California "No-Fault" Divorce
California is a “no-fault” divorce state, which means that the grounds for divorce have no effect on the divorce proceedings or outcome. "Irreconcilable differences" – the inability to agree on most things or on important things – is a sufficient reason to file for uncontested divorce in California, although not every no-fault divorce is automatically an uncontested divorce.
In a contested divorce, the parties do not agree on how to resolve issues like dividing marital property, alimony, child support, and child custody, while in an uncontested divorce, the couple has already reached an agreement on their own without judicial intervention. Only an uncontested divorce case will be eligible for online divorce.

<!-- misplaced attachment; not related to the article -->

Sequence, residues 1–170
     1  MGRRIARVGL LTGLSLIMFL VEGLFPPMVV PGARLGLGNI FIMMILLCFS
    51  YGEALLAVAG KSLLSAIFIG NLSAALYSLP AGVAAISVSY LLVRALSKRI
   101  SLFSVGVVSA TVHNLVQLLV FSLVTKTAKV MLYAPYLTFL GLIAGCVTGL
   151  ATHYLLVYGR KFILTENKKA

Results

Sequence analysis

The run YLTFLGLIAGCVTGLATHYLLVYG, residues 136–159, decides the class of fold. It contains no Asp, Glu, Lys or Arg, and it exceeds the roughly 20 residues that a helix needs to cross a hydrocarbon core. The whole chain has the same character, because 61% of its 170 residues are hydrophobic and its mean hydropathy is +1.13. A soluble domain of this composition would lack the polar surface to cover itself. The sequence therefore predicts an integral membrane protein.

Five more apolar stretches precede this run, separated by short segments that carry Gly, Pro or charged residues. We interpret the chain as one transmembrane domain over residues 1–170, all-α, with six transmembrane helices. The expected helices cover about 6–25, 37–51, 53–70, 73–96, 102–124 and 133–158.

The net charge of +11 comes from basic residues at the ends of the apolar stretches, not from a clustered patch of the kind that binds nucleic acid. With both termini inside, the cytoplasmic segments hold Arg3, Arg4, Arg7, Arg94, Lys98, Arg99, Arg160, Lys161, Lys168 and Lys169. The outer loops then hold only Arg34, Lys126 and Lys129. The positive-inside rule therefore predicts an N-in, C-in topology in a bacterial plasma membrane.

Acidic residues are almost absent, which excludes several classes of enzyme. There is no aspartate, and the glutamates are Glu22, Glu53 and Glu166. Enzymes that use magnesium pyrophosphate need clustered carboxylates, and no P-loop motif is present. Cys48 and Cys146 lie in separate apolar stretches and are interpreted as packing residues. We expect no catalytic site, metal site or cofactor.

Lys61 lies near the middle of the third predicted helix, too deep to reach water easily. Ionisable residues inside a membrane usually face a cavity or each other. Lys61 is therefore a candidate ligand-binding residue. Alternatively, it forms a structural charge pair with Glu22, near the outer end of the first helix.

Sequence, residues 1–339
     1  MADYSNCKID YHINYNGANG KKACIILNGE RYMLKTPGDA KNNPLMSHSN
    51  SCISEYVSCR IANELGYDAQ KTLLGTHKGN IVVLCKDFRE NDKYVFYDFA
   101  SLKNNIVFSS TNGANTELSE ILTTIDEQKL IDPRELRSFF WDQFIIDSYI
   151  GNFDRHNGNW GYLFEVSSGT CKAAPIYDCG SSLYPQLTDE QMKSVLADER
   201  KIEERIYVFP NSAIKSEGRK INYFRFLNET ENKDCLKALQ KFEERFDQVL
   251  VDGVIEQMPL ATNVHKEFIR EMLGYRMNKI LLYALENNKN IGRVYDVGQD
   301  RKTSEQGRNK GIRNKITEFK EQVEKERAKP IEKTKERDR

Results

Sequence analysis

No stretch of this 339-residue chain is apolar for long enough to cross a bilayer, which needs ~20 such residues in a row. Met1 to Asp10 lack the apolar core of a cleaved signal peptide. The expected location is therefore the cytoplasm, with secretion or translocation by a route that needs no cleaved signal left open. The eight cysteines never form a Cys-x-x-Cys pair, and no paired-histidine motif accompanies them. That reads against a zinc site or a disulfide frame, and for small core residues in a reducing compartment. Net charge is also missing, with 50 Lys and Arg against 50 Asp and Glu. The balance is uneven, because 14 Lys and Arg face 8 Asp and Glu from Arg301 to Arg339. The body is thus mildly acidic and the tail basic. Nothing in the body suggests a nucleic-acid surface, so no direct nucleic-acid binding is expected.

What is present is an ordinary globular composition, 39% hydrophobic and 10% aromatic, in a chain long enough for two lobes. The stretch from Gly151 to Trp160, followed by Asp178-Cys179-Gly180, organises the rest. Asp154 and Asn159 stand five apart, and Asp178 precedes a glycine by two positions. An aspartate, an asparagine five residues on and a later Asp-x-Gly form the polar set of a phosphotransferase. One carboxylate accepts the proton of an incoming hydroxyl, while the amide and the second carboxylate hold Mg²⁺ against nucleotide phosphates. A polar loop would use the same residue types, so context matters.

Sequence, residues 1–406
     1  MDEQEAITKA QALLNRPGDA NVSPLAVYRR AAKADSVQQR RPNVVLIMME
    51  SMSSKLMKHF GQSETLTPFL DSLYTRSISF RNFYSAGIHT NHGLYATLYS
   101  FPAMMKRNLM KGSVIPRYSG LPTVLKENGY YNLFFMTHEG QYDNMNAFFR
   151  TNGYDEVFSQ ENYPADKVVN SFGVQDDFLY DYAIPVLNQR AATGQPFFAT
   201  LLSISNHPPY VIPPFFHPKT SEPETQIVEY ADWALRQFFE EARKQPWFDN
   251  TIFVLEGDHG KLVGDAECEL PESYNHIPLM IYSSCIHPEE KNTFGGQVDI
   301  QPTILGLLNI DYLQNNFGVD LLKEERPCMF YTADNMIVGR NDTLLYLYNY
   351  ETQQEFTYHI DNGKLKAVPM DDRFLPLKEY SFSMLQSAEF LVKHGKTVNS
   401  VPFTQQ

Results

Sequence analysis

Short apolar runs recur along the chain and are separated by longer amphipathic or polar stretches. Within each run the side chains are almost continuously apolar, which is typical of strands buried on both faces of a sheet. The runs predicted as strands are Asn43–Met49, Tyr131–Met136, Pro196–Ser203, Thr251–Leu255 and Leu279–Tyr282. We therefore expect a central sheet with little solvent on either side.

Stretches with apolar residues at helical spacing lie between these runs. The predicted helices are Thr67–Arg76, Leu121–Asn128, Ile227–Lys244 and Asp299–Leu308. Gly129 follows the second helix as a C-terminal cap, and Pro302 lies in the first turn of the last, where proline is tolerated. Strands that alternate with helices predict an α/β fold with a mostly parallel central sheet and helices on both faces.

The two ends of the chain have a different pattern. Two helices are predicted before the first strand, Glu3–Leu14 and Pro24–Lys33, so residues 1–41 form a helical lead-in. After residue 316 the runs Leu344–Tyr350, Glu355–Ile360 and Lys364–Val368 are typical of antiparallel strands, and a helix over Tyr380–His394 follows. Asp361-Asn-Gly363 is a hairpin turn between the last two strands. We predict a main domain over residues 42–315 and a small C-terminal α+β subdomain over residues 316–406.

In a no-fault divorce, a judge will simply not take into account either spouse's behavior or perceived "marital misconduct" (things like adultery, domestic violence, etc.) during the marriage when reviewing the couple's circumstances and issuing the final divorce decree. Even if the judge is not considering marital misconduct, it may still be a contested divorce if the parties need the judge’s help in reaching a settlement agreement.